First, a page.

Fright is a Savage Worlds mechanic that works very similarly to injuries. If a character suffers a severe enough scare, they can become subject to a particular fright behavior on a permanent basis. Some frights confer a hindrance in the same way that injuries do, and we need to handle that properly.
Frights as Advancement
When a character has a severe scare and incurs a fright, that becomes a permanent effect on the character. Since frights do not apply adjustments to attributes, there is no requirement for frights to be handled as advancements. However, the basic logic for treating them as advancements is already in place, and it should also make sense to users. So we'd be well-served by setting up frights as a new type of advancement.
Before we launch into doing that, though, we should first consider the bigger picture. Frights either confer temporary penalties or a hindrance of some sort. It's also possible through the course of play that a character will become subject to a new hindrance that has no association with a fright. Consequently, it's probably a better approach for us to make it possible to assign a new hindrance to a character as a advancement. Any hindrance conferred due to fright represents a special case, while adding hindrances in general solves the general case.
Hindrances as Advancement
We can add hindrances via their own new advancement very easily. The only special detail that we have to make sure of is that we must ensure the cost of a hindrance advance is zero, just like we did for injuries. Beyond that, adding hindrances via advancement works just like adding a new skill or edge. The corresponding advancement thing should look a lot like the example provided below.
<thing id="advHinder" name="New Hindrance" compset="Advance" description="Select this advance to ascribe a new hindrance to the character during play. When acquired as an advancement, no offsetting rewards are gained for the hindrance."> <fieldval field="advAction" value="New Hindrance"/> <fieldval field="advDynamic" value="component.Hindrance"/> <fieldval field="advCost" value="0"/> <tag group="Advance" tag="AddNew"/> <child entity="Advance"> <tag group="Advance" tag="MustChoose"/> </child> </thing>
There is one fright that confers an effect which is not a standard hindrance - the "Mark of Fear". Consequently, we need to define that effect as its own new hindrance so that it can be selected by the user if it comes up during play. For simplicity, we'll add the new hindrance along with all the other hindrances in the file "thing_hindrances.dat". Our new hindrance should look similar to the one shown below.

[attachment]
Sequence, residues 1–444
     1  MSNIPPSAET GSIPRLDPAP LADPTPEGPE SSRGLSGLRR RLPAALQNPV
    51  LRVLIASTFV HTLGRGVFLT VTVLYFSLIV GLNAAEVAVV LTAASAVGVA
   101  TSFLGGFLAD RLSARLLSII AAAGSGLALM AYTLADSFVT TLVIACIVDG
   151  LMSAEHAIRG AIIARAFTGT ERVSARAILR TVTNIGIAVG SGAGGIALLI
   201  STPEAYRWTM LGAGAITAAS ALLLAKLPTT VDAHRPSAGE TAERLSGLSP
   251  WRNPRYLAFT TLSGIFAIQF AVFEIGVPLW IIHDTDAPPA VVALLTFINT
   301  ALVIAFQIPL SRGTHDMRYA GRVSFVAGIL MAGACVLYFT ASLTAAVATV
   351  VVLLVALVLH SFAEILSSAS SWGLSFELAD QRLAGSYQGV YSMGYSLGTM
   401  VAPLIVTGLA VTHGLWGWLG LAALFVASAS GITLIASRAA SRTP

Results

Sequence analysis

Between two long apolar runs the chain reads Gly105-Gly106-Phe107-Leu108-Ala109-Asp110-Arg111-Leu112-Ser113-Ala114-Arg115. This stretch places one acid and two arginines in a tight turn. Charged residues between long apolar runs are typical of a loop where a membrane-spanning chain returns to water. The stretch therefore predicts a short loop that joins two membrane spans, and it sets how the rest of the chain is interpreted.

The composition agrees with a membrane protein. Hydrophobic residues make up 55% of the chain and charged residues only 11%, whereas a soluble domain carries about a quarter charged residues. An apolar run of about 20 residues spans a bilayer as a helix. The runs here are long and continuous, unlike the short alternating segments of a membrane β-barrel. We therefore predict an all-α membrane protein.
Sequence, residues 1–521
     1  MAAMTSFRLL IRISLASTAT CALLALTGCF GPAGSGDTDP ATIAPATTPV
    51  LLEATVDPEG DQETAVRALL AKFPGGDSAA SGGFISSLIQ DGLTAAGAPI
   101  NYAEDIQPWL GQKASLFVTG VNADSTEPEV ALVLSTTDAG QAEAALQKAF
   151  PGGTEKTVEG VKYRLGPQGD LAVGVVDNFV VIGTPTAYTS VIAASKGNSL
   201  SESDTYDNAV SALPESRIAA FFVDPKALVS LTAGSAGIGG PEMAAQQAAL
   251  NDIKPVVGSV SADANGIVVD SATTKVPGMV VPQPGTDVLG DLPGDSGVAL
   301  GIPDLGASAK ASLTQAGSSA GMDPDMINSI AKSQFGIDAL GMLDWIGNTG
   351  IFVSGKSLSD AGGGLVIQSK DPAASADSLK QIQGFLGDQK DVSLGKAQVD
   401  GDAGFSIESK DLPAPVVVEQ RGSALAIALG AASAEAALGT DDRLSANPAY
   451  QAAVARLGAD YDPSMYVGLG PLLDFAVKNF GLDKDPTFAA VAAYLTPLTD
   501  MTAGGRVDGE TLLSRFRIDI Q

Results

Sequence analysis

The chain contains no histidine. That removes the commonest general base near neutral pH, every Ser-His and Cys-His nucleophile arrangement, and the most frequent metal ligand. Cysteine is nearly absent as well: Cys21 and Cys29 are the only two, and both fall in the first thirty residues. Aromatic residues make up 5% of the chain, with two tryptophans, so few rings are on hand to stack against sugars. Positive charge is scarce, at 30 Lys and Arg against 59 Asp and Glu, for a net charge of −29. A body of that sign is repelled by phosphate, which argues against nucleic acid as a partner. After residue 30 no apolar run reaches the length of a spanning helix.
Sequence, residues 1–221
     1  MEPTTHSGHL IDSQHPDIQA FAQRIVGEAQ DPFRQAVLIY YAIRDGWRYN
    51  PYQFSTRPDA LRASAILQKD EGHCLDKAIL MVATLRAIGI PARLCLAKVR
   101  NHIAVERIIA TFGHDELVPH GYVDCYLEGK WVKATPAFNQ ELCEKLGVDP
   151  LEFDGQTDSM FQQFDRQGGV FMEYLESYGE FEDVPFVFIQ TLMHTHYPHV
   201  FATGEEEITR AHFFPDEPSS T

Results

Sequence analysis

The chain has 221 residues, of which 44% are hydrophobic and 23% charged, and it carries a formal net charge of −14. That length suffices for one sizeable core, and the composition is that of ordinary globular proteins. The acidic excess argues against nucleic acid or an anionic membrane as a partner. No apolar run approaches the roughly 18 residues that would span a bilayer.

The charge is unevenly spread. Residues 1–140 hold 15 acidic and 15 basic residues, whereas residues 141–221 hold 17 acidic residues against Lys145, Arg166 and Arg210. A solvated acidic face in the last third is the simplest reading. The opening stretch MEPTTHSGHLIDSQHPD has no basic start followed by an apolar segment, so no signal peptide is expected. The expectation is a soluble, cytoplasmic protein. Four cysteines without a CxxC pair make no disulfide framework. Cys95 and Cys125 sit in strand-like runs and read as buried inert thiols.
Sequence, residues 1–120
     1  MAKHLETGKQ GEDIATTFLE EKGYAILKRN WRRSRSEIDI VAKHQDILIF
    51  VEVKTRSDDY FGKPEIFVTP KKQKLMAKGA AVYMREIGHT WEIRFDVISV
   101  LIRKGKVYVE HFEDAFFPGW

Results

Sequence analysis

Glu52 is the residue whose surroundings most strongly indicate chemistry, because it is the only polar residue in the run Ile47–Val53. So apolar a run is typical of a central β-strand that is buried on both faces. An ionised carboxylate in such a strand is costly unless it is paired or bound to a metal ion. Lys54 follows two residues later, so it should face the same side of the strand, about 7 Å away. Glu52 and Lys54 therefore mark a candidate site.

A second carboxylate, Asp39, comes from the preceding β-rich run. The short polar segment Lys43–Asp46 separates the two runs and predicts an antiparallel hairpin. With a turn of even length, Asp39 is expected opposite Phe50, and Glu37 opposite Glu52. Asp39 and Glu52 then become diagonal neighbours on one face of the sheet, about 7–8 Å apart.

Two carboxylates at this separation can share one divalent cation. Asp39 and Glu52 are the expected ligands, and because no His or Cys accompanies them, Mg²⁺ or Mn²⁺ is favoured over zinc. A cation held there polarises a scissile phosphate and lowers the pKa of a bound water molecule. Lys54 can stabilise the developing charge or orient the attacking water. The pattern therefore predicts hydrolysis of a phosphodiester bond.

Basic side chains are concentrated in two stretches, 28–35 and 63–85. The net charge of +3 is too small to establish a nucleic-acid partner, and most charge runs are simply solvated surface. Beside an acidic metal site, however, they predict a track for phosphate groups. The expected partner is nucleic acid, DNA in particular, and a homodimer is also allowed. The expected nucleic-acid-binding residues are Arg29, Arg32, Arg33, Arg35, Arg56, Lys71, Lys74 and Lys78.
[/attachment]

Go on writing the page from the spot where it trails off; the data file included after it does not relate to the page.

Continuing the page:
<thing id="hinMkFear" name="Mark of Fear" compset="Hindrance" isunique="yes" description="Description goes here"> <fieldval field="hinMajor" value="0"/> <eval index="1" phase="PreTraits" priority="5000"> <before name="Calc trtFinal"/><![CDATA[ #traitbonus[trCharisma] -= 1 ]]></eval> </thing>
Hindrance Advances Don't Confer Rewards
We have one last detail that needs to be sorted out. Hindrances that are added via advances need to not confer reward points to the character. Looking at the current Eval script for the "Hindrance" component, rewards are accrued for any hindrance that is user-added. Unfortunately, any hindrance added as an advancement is user-added, so it will confer reward points. So we need to revise the script in some way to preclude advancements from being accrued. One detail that we can always rely upon is that every advance always possesses an "Advance.?" tag. This means that we can simply check for an advancement tag and ignore the accrual if we find such a tag. A revised version of the Eval script that incorporates this change is presented below.
<eval index="3" phase="Setup" priority="5000"><![CDATA[ ~if this hindrance was not add by the user, skip it entirely if (isuser = 0) then done endif ~if this hindrace was added as an advance, skip it entirely if (tagis[Advance.?] <> 0) then done endif ~consume another hindrance slot or two, depending on the severity #resmax[resHinder] += field[hinMajor].value + 1 ]]></eval>